Explorer II model, 1655, was introduced in 1971. The movement was either the
1570 or the 1575, and essentially this particular model was a GMT with a fixed
stainless steel bezel. It had a distinctive dial with an extra hour hand that
was designed specifically for speleologists, or cave explorers, who Rolex
claimed, " soon lose all notion of time: morning, afternoon, day, or night."
The extra hour hand, or 24 hour, would tell the explorers whether the 4 on the
dial was 4:00 a.m. or 4:00 p.m. (16:00 hrs).
The watch initially when it was first marketed, the second hand was straight and
the extra hour hand was a bright orange. In 1974 a luminous circle was added
and models manufactured after 1975 the extra hour hand was painted a bright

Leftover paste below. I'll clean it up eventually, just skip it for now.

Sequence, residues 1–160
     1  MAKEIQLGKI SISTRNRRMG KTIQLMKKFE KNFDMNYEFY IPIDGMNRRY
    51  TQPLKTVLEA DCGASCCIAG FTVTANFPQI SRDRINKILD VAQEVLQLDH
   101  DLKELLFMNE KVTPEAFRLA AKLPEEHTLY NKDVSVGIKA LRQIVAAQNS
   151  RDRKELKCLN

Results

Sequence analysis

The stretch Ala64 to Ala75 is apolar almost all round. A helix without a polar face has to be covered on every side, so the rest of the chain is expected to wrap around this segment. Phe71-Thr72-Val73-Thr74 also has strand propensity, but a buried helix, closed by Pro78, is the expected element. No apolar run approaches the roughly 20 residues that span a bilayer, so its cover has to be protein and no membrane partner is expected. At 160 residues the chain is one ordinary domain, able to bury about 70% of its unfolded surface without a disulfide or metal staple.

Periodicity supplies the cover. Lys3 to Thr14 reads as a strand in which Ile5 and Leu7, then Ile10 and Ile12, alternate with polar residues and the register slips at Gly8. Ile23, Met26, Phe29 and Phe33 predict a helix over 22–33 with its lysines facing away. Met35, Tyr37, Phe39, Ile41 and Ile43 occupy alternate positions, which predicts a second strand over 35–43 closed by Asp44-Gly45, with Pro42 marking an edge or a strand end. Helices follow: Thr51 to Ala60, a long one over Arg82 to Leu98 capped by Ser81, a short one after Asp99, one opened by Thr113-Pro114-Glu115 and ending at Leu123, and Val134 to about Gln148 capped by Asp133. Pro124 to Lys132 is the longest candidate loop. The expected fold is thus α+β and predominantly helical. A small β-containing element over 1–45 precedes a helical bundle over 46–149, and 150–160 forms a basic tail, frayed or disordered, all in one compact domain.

red. The production of the 1655 continued until 1985 when it was discontinued.
A debate exists in regard to when the orange hand was no longer used on the
dial. Reference texts seem to agree that the orange hand was discontinued by
the mid 70's. It is interesting to note that many 1655's made after the mid
70's and into the 80's have orange 24 hour hands. Perhaps the explanation is
that the red hands faded to orange, just as orange hands have been known to fade
The Explorer 11 was not a popular watch during its production run from 1971 to
1985. The dial is cluttered and even considered illegible by some watch
This model has also been called the Steve McQueen Rolex. Steve
McQueen may have worn a Tag Heuer Monaco wristwatch in the film Le Mans, but in
real life he wore a Rolex Explorer II, model 1655. The Explorer II is very
popular among collectors today.
This example below is an earlier model with the second hand lacking the
Photo: M. Siegel
This is an example from 1974
By contrast the other example below is a later model (1980) and in this case
the second hand has a luminous dot.